Posted: June 4th, 2021
BEFORE Viewing the documentary, reflect on the following questions:
> How would you define race? What does it mean to you?
> How many races do you think there are? What are they? How do you decide which
race someone belongs to?
> Look around the room or around your community. Who do you think is likely to be most similar to you, biologically or genetically? Why?
> Where do your ideas about race come from? What are the sources of your information?
AFTER Watching the film, select FIVE questions from the following list for you to respond to.
At the beginning of the film, the students are asked to predict whom they will be most like when they compare their DNA samples. How did the results compare with your expectations? Did you share the students’ surprise? If so, why?
Anthropologist Alan Goodman says that “to understand why the idea of race is a biological myth requires a major paradigm shift.” Do you agree? Did the film present anything that shifted your thinking in a major way? If so, what? Is it difficult to make this shift? Why?
Should doctors and other health professionals take biological race into account when diagnosing and treating illness? Why? Can you think of a situation where thinking about race as biological might be misleading or have a negative effect? How would considering social race be different?
Towards the end of this episode, the students are asked if they would trade their skin color. Would you trade your skin color? How do you think your life would be different if you looked like someone of a different race?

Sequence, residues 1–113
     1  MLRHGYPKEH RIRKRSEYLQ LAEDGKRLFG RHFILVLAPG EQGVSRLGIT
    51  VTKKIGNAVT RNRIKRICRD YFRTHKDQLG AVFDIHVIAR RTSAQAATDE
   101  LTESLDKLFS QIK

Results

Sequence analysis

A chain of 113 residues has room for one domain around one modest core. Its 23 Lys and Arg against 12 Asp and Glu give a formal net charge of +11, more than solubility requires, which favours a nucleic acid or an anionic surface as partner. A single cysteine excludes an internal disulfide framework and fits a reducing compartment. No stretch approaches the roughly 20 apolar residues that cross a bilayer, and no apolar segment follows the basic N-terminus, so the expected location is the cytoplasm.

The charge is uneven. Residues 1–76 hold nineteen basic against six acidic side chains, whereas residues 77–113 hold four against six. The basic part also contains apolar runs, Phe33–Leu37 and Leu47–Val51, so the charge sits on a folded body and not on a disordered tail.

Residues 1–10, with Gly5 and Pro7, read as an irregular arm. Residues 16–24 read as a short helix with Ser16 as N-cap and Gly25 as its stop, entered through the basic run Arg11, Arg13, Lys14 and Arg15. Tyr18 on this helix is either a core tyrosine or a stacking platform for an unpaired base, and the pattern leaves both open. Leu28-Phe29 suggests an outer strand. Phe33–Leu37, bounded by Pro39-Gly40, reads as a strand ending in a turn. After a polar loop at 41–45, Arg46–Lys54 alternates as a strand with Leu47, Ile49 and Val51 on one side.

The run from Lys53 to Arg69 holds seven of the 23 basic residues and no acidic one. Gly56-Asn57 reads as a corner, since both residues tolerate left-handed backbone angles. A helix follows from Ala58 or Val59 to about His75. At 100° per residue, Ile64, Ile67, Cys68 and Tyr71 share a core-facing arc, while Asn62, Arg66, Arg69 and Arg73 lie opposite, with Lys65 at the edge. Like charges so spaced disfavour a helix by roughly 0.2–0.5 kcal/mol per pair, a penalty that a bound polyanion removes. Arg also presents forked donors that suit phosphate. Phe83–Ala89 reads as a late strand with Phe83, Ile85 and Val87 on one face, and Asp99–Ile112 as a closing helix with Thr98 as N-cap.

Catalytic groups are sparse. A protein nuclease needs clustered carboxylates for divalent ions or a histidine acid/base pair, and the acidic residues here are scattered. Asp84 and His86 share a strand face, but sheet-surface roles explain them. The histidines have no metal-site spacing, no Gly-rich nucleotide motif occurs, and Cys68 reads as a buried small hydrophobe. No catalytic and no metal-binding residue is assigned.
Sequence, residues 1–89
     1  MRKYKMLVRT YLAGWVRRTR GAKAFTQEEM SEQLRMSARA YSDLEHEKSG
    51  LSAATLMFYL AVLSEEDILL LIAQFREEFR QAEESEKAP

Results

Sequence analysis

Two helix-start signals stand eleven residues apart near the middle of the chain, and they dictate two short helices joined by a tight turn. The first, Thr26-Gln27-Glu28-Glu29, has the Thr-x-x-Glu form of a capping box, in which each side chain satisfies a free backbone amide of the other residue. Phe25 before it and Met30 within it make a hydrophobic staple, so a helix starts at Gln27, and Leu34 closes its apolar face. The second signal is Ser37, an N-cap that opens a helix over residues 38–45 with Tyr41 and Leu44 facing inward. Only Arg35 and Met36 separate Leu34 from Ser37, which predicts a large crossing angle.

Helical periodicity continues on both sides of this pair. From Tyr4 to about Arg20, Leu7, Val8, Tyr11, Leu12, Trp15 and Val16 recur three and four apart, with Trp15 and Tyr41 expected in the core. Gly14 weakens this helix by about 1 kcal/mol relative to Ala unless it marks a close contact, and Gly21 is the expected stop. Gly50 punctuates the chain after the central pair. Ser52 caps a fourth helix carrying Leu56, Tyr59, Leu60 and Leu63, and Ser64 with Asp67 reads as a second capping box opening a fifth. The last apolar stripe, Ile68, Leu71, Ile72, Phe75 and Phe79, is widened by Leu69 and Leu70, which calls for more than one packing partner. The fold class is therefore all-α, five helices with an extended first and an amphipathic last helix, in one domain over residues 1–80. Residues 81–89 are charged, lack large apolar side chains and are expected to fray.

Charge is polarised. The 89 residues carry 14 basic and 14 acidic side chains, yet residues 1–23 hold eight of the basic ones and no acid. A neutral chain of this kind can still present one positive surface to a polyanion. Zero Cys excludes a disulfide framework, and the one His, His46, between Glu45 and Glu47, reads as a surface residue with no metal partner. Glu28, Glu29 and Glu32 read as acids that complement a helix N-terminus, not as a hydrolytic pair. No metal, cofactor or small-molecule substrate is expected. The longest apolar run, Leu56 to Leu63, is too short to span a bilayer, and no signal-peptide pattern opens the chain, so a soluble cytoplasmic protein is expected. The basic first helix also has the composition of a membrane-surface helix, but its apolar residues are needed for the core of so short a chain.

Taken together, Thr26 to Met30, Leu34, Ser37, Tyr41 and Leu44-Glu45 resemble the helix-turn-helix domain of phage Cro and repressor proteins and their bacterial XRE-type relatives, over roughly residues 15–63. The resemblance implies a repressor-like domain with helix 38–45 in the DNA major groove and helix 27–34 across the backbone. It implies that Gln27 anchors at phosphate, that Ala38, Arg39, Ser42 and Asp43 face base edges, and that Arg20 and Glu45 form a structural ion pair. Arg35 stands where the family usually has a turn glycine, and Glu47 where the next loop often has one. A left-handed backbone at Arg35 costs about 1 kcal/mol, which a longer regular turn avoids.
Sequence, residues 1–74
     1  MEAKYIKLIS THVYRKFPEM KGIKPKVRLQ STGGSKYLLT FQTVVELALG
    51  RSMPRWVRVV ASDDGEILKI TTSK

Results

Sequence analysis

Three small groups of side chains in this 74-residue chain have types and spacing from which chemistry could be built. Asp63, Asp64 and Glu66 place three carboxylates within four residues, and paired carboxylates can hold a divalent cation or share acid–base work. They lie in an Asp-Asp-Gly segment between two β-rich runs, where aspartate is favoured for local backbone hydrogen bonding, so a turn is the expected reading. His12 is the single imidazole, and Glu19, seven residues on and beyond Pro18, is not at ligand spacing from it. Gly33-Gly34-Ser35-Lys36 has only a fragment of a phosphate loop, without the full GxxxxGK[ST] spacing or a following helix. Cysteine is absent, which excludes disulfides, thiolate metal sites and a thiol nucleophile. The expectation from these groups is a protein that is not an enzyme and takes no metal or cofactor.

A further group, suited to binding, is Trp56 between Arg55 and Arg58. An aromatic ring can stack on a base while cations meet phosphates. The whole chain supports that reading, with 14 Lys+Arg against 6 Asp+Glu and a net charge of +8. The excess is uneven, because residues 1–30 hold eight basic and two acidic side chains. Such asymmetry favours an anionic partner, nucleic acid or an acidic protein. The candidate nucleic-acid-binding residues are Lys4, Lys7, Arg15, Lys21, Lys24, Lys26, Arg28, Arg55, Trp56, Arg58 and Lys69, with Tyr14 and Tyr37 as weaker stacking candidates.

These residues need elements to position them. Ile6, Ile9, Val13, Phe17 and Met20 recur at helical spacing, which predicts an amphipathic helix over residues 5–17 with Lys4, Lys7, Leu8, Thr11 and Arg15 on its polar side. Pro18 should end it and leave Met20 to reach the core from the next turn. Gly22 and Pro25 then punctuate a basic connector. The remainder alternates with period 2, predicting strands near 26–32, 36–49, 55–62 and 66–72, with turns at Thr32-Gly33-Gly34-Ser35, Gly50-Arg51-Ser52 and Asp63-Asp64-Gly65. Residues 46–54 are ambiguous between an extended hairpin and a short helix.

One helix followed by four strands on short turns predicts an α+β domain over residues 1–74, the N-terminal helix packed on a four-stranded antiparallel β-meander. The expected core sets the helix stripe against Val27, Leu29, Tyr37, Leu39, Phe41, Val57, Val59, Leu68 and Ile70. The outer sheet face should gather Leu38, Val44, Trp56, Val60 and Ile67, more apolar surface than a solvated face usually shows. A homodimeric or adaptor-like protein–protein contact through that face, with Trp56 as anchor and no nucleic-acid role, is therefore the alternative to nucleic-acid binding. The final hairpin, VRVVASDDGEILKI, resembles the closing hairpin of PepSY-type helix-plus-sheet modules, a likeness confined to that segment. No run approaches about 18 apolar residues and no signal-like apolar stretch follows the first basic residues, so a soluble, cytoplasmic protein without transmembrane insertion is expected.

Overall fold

Turn-of-the-century scientists like Frederick Hoffman drew scientific conclusions based on what they believed to be true. How are scientists today influenced by their beliefs or their social context?
For many people, race is an important part of their identity. How do the following two comments from the film affect the way you think of yourself:> “There’s as much or more diversity and genetic difference within any racial group as there is between people of different racial groups.” – Pilar Ossorio, microbiologist“Every single one of us is a mongrel.” – student
Athletics is one arena where talking about ideas of inborn racial differences remains common. Why do you think some populations or groups seem to dominate certain sports but not others? What does it mean that the groups that dominate those sports have changed over time?
Additional materials can be found on NPR’s accompanying website.
Write ONE long paragraph responding to each of the questions you selected. Use specific examples from the film in your answers
Please follow the link to the podcast:
Race the power of an Illusion
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